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What's driving Saudi Arabia's rapidly escalating feud with Canada?

Feud between Saudi Arabia & Canada

Saudi Arabia is hitting back at Canada after Canadian diplomats called on the kingdom to release recently detained women's rights activists. Saudi Arabia responded to the criticism with an array of sanctions that included suspending flights to Canada, expelling the Canadian ambassador, freezing all business between the two countries and terminating its student exchange program.

Alex Kliment, a CBSN contributor who writes for Signal, a newsletter from GZERO Media, told CBSN's Anne-Marie Green the diplomatic dispute may be part of Saudi Arabian Crown Prince Mohammed bin Salman's push to create what Kliment called an "enlightened dictatorship" in what's considered one of the world's most conservative societies.

"I think they're being sensitive for a very important reason. Crown Prince Mohammad bin Salman is trying to pull off a very delicate process in which he liberalizes some aspects of Saudi society, which is extremely conservative, but also retains virtually absolute power over that society," Kliment said.

The dispute appears to have been sparked by tweets from Canadian diplomats, including one from Canadian Foreign Minister Chrystia Freeland, who said she was "very alarmed" by news of the arrest of Samar Badawi, the sister of prominent activist and writer Raif Badawi. Raif Badawi was arrested in 2012 for running a blog that promoted free speech and women's rights in Saudi Arabia.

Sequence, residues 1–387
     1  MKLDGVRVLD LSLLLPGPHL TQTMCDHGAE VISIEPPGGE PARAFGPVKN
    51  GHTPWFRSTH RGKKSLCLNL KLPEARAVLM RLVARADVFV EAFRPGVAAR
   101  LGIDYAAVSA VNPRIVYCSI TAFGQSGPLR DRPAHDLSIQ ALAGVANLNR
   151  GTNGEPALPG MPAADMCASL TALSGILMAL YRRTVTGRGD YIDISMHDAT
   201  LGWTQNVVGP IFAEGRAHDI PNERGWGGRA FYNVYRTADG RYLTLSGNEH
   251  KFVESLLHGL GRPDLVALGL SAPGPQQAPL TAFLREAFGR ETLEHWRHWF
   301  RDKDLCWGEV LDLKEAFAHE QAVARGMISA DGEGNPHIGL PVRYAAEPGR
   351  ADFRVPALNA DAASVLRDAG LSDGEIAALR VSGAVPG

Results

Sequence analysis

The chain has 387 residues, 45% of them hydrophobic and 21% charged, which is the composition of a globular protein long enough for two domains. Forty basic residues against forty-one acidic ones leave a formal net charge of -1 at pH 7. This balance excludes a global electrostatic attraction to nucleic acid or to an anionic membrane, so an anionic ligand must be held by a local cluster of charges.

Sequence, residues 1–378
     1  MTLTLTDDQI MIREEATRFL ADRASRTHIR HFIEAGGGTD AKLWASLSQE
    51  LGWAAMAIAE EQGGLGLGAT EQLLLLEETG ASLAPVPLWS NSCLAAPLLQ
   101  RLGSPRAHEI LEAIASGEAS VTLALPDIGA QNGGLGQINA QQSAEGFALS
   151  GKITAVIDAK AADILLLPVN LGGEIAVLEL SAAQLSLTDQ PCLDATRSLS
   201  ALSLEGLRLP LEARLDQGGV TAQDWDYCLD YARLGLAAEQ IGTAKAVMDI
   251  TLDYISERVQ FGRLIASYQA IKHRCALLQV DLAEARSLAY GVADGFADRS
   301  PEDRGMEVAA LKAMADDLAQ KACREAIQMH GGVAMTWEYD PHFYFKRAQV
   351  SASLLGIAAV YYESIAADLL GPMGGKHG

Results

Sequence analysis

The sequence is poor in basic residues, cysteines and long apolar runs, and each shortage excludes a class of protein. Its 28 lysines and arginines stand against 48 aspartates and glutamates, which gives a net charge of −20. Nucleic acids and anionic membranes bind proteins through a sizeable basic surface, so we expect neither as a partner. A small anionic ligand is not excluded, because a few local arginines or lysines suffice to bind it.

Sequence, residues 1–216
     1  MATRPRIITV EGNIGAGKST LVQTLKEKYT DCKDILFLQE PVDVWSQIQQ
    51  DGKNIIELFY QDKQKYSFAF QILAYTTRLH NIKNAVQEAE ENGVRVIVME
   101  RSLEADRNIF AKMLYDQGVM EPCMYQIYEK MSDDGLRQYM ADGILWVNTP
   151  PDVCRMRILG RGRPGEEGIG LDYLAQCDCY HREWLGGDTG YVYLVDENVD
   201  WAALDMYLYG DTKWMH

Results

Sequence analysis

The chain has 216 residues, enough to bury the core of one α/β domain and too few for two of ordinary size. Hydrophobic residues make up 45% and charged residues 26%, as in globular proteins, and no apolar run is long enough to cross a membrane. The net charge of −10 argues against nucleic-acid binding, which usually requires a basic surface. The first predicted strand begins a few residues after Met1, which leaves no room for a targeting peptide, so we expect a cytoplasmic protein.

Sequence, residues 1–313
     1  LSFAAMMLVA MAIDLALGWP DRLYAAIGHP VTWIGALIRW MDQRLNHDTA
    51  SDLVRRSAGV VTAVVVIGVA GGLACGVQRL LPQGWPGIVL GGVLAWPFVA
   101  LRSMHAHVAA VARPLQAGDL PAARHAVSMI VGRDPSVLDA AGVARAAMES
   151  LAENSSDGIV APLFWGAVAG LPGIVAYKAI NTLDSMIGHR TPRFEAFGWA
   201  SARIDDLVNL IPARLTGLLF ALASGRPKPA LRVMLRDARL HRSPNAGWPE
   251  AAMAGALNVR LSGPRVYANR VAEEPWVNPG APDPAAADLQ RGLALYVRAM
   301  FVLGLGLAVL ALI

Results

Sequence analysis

"So what he's doing is basically sending a message saying, we're not going to tolerate any outside criticism of our human rights record, right? And by hitting Canada — which is big enough to matter but small enough not to be a risk to Saudi — he sends a message elsewhere," Kliment said.

Kliment added that the crown prince is likely trying to take advantage of President Trump's focus on Iran and his apparent disinterest in human rights issues. At this year's G7 summit, Mr. Trump also criticized Canadian Prime Minister Justin Trudeau, accusing him of making "false statements" about trade.

"I think it's also important to note that there's a bit of a Trump effect here, right? You know, the U.S. government has never been particularly committed to changing the human rights situation in Saudi Arabia. It's a key ally. It supplies lots of oil, regional ally, strategic ally. So the U.S. has never pushed particularly hard," Kliment said. "But with Trump in office, Mohammed bin Salman knows he has a U.S. president who is particularly uninterested in questions of human rights, cares more about the fight with Iran, has given Mohammed bin Salman wide leeway to really do as he pleases. So the Saudis know they have cover."

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